Candidates for the Juneau School Board and Assembly gathered once again Monday to discuss their stances and qualifications for the positions they seek, but this forum was a bit different.
The meeting was conducted by and designed for the students of Thunder Mountain High School.
“This was a chance to meet Assembly members we wouldn’t have met on our own,” said Hannah Marx, the school’s student body president. “Now, I’m more comfortable to reach out and get in touch with our local leaders.”
Mara Early, a government teacher at Thunder Mountain, conceived the idea about two weeks ago. Seniors Zach Gianotti and Brock Cary teamed up to work on the logistics.
“It was a chance to address issues we have with our leaders,” Cary said.
About 30 students attended, along with Assembly candidates Mary Becker, Karen Crane, Kate Troll and Bill Peters. The two school board members up for reelection, Barbara Thurston and Lisa Worl also fielded questions from students.
“City races are so important for things that affect our lives, yet voter turnout goes down,” Early said. “It’s important for the young people to realize the importance and influence [city leaders] have in their lives.”
Students questioned the school board members about the thought put into some of the board’s decisions, such as graduation requirements and the recent middle school travel ban.
“People who feel the most strongly are the most likely to come in, but that’s not necessarily the whole community’s opinion,” Thurston said. “There’s a difference between not listening and not doing what you want.”
Worl added that some did contact her in support of the ban. Both members voted against banning the travel.
Assembly candidates were also asked about the ban. All said the district’s savings were minimal, and none said they would have supported the ban.
The candidates had opportunities to list their priorities and describe their plans if elected, but they also were asked about hot-topic issues like building a road out of Juneau and solving the city’s garbage issue.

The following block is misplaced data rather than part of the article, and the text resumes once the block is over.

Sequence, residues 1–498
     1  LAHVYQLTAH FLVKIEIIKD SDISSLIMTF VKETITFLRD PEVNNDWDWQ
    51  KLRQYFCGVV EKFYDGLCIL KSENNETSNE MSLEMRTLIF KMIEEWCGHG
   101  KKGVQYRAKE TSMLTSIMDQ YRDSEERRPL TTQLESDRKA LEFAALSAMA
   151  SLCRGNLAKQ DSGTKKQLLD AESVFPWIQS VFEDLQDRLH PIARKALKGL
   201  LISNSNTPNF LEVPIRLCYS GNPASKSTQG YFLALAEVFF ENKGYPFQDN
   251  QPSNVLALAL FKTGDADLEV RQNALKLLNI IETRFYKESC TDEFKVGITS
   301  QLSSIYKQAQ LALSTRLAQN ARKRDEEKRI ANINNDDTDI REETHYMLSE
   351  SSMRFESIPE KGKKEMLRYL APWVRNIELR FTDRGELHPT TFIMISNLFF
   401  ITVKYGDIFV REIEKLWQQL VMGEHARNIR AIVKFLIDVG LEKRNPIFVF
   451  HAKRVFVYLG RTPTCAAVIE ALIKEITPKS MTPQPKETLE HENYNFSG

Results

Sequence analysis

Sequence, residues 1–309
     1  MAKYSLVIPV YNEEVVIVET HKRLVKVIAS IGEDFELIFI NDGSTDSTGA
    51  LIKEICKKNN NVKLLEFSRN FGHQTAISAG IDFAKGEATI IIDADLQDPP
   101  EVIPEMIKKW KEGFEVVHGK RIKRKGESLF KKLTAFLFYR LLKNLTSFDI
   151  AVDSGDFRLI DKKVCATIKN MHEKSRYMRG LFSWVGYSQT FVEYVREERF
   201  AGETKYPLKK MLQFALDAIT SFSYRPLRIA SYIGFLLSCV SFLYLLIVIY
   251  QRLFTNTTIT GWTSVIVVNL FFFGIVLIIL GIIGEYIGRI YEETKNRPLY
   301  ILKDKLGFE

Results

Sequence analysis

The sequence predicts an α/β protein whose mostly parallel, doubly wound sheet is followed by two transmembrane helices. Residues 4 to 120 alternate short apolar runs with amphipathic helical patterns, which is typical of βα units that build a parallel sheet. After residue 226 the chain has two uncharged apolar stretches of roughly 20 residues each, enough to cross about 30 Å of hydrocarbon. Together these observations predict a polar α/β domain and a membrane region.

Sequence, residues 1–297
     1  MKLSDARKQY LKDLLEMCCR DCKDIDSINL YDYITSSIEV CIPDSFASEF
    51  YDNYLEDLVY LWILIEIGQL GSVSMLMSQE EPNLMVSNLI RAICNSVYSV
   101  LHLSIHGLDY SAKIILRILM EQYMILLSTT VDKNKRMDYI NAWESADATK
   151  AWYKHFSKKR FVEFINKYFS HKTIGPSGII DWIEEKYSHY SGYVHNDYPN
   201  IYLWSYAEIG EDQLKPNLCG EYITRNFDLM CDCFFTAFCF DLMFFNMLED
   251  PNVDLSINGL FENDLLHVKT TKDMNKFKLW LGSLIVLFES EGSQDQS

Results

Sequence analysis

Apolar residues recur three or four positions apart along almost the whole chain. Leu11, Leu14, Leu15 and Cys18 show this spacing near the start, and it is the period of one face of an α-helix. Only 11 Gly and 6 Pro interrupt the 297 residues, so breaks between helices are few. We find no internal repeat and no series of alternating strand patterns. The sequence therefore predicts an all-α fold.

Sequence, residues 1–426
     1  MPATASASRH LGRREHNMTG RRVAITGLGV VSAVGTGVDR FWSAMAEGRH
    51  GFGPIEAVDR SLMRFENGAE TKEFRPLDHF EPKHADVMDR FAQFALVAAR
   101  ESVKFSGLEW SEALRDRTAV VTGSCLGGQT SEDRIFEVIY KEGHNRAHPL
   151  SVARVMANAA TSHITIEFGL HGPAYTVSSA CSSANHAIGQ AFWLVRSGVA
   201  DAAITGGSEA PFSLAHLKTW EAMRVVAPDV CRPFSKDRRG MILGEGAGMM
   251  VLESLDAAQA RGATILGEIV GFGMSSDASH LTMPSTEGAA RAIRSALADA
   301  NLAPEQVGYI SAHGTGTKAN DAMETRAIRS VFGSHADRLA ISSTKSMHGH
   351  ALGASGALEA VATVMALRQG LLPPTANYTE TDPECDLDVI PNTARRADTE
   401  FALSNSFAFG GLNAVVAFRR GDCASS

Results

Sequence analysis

Candidates addressing the garbage questions offered answers ranging from shipping the garbage and sludge to Oregon, buying an incinerator for the growing pile and emphasizing the importance of recycling.
“There is no easy answer, but it is an important issue,” Crane said.
Another question about the creation of a parking manager position to handle downtown parking elicited a number of responses from the Assembly hopefuls — from an endorsement of the position to frustration that past attempts at fixing downtown parking have proved futile.
“We’ve invested a lot in technology and infrastructure to address some of the downtown parking problems and I’m disappointed it’s not working,” said Peters who is running against Troll for the open Areawide Assembly seat. He added that a dedicated, short-term position would help sort through some of the problems.
Finally, students asked the Assembly hopefuls for ideas that would allow students to get more involved with local government through volunteer or internship positions.
Becker offered the concept of taking a student with the city’s board for the Southeast Conference every year, and Troll suggested making a student honorary mayor for a week.
“It’d be a fun way to engage students in the civic process,” Troll said.
The 2013 Municipal Election is Oct. 1.